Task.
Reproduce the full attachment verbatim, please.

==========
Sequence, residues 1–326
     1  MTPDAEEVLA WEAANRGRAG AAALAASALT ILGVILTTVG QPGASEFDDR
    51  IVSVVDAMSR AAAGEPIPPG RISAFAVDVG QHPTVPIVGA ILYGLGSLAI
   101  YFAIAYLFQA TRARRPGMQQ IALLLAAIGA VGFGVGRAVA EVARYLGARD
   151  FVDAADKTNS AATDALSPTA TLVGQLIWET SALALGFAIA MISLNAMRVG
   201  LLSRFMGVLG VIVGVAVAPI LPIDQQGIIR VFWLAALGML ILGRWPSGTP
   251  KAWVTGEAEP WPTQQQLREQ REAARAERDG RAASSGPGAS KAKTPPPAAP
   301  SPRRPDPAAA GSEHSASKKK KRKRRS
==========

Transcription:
Sequence, residues 1–326
     1  MTPDAEEVLA WEAANRGRAG AAALAASALT ILGVILTTVG QPGASEFDDR
    51  IVSVVDAMSR AAAGEPIPPG RISAFAVDVG QHPTVPIVGA ILYGLGSLAI
   101  YFAIAYLFQA TRARRPGMQQ IALLLAAIGA VGFGVGRAVA EVARYLGARD
   151  FVDAADKTNS AATDALSPTA TLVGQLIWET SALALGFAIA MISLNAMRVG
   201  LLSRFMGVLG VIVGVAVAPI LPIDQQGIIR VFWLAALGML ILGRWPSGTP
   251  KAWVTGEAEP WPTQQQLREQ REAARAERDG RAASSGPGAS KAKTPPPAAP
   301  SPRRPDPAAA GSEHSASKKK KRKRRS